30 November 2016

Emotions at Work

Companies investigate employee satisfaction, engagement, wellbeing for a variety of reasons:
  • High Recruitment costs;
  • High turnover is bad for business;
  • The role employees play in the final product, particularly in services;
  • Inertia / trendiness. 

Most of these investigations are focused on rationally objective topics such as availability of physical resources for employees to do their jobs properly and presence or absence of opportunities for individual professional development etc.

While acknowledging the importance of such features, I believe that an approach based exclusively on rational-objective measures is, at least, incomplete. I propose that, alongside these objective rational measures, HR managers should investigate emotions experienced by employees in relationship with their jobs and co-workers.

Why Investigate Emotions at Work?

Employees spend a large proportion of their time at the workplace and develop complex relationships with co-workers, superiors (managers) and external stakeholders.

Considering the complexity of interactions and the length of time spent at work, it is natural for employees to experience a carousel of emotions at the workplace.

Emotions in marketing research

Marketers and advertisers have long known that emotions play a big role in decision making and behavior and advertising has been addressing emotions for (at least) the last 50 years. Market research was (is) a bit slower to adopt the investigation of consumers’ emotions, but now there are methodologies that do just that.

If emotions are highly important in purchase and consumption decisions and behaviors, it simply is unreasonable to ignore the effects emotions have in behavior at the workplace.

Undoubtedly, at the workplace people (strive to) behave in a professional manner and try to be as rational as they can. Nonetheless, emotions still play (an unconscious) role in the interactions people have at work and in the levels of dedication they put into their jobs.

An employee’s work dedication will be influenced by her emotions towards colleagues and managers. Imagine two (fictional) employees:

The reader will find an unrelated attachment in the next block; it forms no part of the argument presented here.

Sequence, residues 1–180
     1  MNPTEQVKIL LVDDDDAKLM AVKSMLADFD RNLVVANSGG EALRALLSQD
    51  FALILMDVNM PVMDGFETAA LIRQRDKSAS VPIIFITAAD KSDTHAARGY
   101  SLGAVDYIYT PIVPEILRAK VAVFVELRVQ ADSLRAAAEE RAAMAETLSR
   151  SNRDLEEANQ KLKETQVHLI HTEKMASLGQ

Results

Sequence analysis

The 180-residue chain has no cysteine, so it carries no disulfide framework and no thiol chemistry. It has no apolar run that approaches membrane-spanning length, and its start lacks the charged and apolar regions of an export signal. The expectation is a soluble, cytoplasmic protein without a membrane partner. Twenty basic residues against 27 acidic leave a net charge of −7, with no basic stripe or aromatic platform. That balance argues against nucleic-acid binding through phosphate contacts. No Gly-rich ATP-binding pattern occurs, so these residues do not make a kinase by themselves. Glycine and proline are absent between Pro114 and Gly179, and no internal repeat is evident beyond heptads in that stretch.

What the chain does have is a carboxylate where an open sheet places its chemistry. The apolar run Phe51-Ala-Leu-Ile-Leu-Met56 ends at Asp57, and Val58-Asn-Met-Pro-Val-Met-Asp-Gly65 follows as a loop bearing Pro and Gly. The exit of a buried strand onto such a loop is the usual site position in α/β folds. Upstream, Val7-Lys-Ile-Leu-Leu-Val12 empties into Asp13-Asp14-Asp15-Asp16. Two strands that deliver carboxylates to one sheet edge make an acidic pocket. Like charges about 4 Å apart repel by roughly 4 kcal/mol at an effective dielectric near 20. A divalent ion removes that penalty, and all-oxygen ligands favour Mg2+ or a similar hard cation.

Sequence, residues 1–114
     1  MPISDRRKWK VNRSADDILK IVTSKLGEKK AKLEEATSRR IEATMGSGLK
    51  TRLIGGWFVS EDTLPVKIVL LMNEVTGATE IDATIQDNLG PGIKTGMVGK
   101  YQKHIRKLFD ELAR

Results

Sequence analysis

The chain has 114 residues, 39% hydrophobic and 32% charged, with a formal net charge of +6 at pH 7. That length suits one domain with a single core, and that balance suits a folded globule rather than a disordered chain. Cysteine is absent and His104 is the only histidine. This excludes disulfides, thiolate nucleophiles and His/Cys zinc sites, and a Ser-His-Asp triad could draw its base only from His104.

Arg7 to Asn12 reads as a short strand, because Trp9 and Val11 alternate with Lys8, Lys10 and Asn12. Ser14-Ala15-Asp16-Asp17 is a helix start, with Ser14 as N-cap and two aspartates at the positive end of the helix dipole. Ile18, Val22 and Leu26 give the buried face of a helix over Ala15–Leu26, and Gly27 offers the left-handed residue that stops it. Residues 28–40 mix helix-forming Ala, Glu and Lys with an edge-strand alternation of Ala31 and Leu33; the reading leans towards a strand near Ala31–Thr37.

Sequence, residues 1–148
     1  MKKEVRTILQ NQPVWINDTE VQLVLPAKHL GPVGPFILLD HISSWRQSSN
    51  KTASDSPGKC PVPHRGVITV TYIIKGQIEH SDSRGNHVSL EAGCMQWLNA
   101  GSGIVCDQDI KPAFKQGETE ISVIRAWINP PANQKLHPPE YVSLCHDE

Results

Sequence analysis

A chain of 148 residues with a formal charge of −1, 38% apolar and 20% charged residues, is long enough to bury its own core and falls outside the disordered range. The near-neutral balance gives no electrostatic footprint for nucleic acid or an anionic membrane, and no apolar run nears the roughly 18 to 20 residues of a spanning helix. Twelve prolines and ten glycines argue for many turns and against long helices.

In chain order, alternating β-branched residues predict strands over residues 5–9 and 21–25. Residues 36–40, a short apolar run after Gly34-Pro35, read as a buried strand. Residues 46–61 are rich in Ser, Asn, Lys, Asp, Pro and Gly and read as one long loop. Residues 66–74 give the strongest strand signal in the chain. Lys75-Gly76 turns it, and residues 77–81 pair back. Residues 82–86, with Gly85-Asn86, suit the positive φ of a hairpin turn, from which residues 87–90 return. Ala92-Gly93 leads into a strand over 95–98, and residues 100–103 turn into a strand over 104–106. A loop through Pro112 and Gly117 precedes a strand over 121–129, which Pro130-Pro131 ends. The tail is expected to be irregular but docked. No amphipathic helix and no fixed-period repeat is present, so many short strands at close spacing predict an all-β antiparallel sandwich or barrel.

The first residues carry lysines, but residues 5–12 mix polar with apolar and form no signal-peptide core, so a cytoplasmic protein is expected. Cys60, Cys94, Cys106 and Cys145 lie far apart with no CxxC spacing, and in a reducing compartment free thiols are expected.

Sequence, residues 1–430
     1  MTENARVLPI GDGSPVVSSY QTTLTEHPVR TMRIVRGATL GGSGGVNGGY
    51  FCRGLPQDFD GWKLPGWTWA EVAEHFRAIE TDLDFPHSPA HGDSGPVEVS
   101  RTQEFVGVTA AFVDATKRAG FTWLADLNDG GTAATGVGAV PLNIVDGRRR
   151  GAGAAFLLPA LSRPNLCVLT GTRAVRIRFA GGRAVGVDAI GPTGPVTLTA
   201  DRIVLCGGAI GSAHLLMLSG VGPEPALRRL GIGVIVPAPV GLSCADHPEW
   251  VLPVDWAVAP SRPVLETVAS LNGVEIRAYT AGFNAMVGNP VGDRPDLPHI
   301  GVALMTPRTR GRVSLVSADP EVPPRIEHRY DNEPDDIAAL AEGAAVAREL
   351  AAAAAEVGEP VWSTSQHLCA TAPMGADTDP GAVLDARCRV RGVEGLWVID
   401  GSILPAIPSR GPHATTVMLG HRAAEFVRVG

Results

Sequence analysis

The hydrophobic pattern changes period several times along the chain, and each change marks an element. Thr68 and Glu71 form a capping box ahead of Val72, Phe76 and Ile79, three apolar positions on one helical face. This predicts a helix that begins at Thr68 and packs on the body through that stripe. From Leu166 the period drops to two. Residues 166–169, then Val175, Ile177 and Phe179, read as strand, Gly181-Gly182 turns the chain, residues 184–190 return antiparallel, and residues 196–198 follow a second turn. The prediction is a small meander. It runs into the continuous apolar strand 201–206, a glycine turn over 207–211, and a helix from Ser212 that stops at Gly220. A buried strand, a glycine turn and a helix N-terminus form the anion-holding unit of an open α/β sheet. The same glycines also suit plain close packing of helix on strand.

(1) Stephan who feels contempt towards his manager and experiences disgust in relationship with one or two colleagues.  

(2) Jack who feels pride when thinking about his manager and experiences anger in relationship with one or two colleagues.

If Stephan and Jack do exactly the same job in very similar companies, then their overall wellbeing, likelihood of searching for a new job and even performance will be rather different. Contempt and disgust are emotions that it is very hard to get over.

Sure, Stephan can work for a manager towards who he feels contempt, but that will require a lot of willpower and we know that we don’t have infinite self-control. Stephan will, probably, be able to have minimal interactions with the colleagues who disgust him, but not much more than that. The employee’s dedication will be very low. Most likely, Stephan will just perform his tasks without experiencing any intrinsic pleasure (gratification). Sooner or later, Stephan’s team will need him to put-in an extra-effort and he’ll just say: “sorry, not my job / sorry the shift ended 5 minutes ago”.

Jack, however, will probably happily accept the challenge of putting-in an extra-effort to support the team because he’s proud of working for his manager. Being angry with a co-worker is something that one can get over and, maybe, that very anger drives Jack to “fight” and prove himself to his colleagues.